Speaker of Tanzania’s National Assembly, Anne Makinda, spoke to the Times of Oman during a recent visit to the Sultanate of her country’s interest in deepening historical ties with the to encourage great investment by Omani companies in agricultural and geological resources.
“Our long historical ties should go beyond what we commonly share and business investment is one way to strengthen these,” she said. “We look forward to Omani firms taking part in our economic development and promise a transparent business environment.”
Referencing the agricultural sector, Makinda highlighted the “abundance” of agricultural products in Tanzania, where around 77% of the population still depend on arable agricultural and livestock, and the scope for profitable investment and scaling by Omani businesses.
The agriculture of coffee, tea, cloves, maize, wheat, rice, cashew nuts, vegetables and fruits contributes 41% of Tanzania’s GDP, while the husbandry of cattle, sheep and goats accounts for 29%, according to statistics issued by UN’s Food and Agriculture Organisation (FAO).
Beyond these dominant agricultural areas, Makinda also highlighted of Tanzania’s coastline, which stretches for 1,450km and hold an aquaculture potential of 730,000 tonnes annually.
Shrimp farming is in the experimental stage in Tanzania and the government had invited investors to develop its commercial value, while Lake Victoria is one of the largest lakes in the world at 53,000km2 where the country is promoting the fresh water farming of trout.
“Another area we would like Oman to make investments in is our mineral resources. Tanzania has one of the most prospective minerals in Africa and we have sound fiscal and legal system to protect all investors in this important industry,” Makinda pointed out.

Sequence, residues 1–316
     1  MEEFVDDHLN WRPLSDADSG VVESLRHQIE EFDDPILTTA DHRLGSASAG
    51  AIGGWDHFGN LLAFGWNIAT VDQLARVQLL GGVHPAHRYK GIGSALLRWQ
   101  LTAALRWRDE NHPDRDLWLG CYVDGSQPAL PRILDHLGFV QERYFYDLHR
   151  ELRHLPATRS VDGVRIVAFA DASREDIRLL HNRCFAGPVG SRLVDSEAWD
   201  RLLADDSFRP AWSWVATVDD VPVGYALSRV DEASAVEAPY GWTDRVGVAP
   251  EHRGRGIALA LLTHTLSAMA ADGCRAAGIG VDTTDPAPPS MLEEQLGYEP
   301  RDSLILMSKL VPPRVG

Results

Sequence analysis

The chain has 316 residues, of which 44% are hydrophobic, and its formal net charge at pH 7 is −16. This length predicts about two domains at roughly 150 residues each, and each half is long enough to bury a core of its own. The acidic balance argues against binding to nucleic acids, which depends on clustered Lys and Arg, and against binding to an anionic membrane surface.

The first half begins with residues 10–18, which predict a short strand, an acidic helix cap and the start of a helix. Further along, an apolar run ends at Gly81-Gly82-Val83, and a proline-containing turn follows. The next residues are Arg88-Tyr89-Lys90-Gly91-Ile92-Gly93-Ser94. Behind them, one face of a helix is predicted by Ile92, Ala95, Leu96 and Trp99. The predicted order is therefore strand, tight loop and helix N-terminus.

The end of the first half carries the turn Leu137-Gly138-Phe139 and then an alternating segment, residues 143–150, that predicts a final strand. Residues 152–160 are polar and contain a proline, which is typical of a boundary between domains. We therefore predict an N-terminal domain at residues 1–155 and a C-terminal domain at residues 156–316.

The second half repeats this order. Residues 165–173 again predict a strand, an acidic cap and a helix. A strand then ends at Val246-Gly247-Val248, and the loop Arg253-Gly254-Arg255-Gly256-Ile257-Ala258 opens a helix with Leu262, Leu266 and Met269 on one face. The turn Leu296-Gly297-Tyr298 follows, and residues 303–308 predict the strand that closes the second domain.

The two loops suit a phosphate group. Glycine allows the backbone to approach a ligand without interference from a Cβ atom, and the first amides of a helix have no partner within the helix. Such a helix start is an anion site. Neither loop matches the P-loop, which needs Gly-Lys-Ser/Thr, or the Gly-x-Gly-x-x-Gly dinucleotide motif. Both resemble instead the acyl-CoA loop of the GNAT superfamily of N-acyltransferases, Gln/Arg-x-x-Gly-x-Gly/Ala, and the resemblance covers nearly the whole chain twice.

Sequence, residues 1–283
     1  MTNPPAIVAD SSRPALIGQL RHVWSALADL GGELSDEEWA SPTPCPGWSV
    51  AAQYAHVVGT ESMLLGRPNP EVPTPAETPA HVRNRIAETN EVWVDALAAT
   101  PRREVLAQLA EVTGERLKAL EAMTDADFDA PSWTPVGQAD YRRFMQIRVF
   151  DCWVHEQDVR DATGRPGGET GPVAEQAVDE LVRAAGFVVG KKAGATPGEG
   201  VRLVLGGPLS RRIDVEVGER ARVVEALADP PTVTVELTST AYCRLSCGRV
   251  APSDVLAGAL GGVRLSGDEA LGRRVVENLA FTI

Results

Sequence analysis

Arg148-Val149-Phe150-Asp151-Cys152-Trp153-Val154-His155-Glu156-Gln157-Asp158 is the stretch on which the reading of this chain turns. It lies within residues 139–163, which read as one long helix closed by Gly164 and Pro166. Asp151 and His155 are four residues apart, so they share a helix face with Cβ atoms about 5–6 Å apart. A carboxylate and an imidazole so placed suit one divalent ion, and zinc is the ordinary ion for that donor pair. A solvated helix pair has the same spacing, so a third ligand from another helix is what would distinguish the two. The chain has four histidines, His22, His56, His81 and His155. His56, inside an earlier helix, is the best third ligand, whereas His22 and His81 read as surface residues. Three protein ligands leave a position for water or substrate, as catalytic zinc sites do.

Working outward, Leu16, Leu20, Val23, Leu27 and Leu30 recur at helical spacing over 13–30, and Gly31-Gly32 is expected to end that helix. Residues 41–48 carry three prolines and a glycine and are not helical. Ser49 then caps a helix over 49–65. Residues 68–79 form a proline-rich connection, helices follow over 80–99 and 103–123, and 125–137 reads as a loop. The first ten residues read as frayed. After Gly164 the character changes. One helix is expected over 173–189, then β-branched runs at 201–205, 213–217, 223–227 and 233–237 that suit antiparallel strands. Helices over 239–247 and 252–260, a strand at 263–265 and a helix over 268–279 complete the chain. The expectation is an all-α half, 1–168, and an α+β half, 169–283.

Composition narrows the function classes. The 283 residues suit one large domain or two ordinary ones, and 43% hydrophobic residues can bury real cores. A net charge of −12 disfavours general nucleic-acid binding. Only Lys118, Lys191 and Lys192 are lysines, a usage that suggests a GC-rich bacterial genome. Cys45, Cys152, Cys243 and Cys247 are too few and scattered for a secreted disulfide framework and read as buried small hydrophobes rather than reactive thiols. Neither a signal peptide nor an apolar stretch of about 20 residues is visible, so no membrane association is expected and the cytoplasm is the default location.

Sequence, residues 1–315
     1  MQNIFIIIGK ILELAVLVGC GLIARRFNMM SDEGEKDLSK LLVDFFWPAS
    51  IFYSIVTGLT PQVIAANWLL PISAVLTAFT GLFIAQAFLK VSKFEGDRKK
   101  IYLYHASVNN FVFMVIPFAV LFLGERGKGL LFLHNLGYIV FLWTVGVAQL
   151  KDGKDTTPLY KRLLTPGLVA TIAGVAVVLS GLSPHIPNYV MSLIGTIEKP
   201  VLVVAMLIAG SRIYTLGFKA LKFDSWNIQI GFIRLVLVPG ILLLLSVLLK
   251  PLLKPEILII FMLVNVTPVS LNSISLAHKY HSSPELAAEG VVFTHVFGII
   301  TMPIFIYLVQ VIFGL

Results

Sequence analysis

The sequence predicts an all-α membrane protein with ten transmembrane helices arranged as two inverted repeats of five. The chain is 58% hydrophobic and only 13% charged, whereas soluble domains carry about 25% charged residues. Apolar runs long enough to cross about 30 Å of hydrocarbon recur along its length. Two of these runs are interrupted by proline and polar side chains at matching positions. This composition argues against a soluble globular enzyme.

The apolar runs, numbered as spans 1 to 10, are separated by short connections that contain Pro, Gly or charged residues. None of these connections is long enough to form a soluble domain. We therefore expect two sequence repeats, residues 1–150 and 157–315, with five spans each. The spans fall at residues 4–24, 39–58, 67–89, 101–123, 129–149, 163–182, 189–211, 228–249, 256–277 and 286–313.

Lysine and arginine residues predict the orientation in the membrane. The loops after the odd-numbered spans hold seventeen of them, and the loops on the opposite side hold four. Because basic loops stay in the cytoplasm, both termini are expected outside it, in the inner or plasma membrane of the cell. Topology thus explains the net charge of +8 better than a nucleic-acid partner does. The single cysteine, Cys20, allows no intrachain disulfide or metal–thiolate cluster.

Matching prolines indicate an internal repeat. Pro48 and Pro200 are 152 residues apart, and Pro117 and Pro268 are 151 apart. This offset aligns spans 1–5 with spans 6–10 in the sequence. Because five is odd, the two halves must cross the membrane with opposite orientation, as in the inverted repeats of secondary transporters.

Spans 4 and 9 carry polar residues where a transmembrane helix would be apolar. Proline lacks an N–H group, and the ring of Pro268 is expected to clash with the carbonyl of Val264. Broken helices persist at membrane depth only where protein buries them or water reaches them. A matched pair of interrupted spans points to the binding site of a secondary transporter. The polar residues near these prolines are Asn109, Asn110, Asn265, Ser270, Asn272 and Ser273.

Indeed, Tanzania has become one of the fastest-emerging gold producers in Africa, and is now the continent’s third largest gold producing country after South Africa and Ghana.
Makinda also referenced the gas sector, where Oman and Tanzania has similar exploration activities, noting: “We can tap each other’s strength in gas since both the countries are conducting explorations aggressively. We can share experiences and investments in this crucial energy business.”
In the hydrocarbon sector, Tanzania doubled the estimates of its gas reserves to 40 trillion cubic feet in 2015, after sizeable ongoing discoveries, and the country preparing to offer new exploration blocks by the end of this year to international energy companies.
The two governments also agreed to set up a joint investment council and a council of businessmen to promote and facilitate bilateral developments.